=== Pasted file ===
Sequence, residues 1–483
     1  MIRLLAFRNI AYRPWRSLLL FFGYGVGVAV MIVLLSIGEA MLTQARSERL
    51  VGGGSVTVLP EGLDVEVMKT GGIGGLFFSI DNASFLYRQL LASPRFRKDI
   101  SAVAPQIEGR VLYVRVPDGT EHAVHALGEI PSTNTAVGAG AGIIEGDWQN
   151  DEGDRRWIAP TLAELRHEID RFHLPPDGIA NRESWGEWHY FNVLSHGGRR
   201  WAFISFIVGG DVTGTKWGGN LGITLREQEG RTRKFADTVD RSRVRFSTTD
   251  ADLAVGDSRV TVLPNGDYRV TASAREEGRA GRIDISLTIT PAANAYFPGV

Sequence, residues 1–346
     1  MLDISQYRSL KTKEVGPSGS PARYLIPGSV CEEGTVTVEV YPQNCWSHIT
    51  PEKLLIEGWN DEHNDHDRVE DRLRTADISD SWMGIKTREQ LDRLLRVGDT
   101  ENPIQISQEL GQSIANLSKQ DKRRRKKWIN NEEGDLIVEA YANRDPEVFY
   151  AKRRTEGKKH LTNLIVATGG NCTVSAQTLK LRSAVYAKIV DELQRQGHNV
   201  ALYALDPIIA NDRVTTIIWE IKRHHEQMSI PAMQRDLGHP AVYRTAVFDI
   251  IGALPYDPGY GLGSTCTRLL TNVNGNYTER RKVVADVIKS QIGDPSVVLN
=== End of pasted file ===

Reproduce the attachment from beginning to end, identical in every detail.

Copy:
Sequence, residues 1–483
     1  MIRLLAFRNI AYRPWRSLLL FFGYGVGVAV MIVLLSIGEA MLTQARSERL
    51  VGGGSVTVLP EGLDVEVMKT GGIGGLFFSI DNASFLYRQL LASPRFRKDI
   101  SAVAPQIEGR VLYVRVPDGT EHAVHALGEI PSTNTAVGAG AGIIEGDWQN
   151  DEGDRRWIAP TLAELRHEID RFHLPPDGIA NRESWGEWHY FNVLSHGGRR
   201  WAFISFIVGG DVTGTKWGGN LGITLREQEG RTRKFADTVD RSRVRFSTTD
   251  ADLAVGDSRV TVLPNGDYRV TASAREEGRA GRIDISLTIT PAANAYFPGV

Sequence, residues 1–346
     1  MLDISQYRSL KTKEVGPSGS PARYLIPGSV CEEGTVTVEV YPQNCWSHIT
    51  PEKLLIEGWN DEHNDHDRVE DRLRTADISD SWMGIKTREQ LDRLLRVGDT
   101  ENPIQISQEL GQSIANLSKQ DKRRRKKWIN NEEGDLIVEA YANRDPEVFY
   151  AKRRTEGKKH LTNLIVATGG NCTVSAQTLK LRSAVYAKIV DELQRQGHNV
   201  ALYALDPIIA NDRVTTIIWE IKRHHEQMSI PAMQRDLGHP AVYRTAVFDI
   251  IGALPYDPGY GLGSTCTRLL TNVNGNYTER RKVVADVIKS QIGDPSVVLN